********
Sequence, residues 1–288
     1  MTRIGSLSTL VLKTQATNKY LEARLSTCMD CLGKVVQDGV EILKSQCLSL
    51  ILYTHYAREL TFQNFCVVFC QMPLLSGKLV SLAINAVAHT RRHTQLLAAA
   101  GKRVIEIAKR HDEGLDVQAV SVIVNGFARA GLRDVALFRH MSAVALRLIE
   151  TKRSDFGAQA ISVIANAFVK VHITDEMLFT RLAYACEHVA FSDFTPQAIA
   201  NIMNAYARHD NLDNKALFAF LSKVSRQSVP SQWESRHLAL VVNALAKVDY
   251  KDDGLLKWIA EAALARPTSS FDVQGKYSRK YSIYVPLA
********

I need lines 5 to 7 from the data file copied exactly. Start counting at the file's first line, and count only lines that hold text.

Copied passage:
   151  TKRSDFGAQA ISVIANAFVK VHITDEMLFT RLAYACEHVA FSDFTPQAIA
   201  NIMNAYARHD NLDNKALFAF LSKVSRQSVP SQWESRHLAL VVNALAKVDY
   251  KDDGLLKWIA EAALARPTSS FDVQGKYSRK YSIYVPLA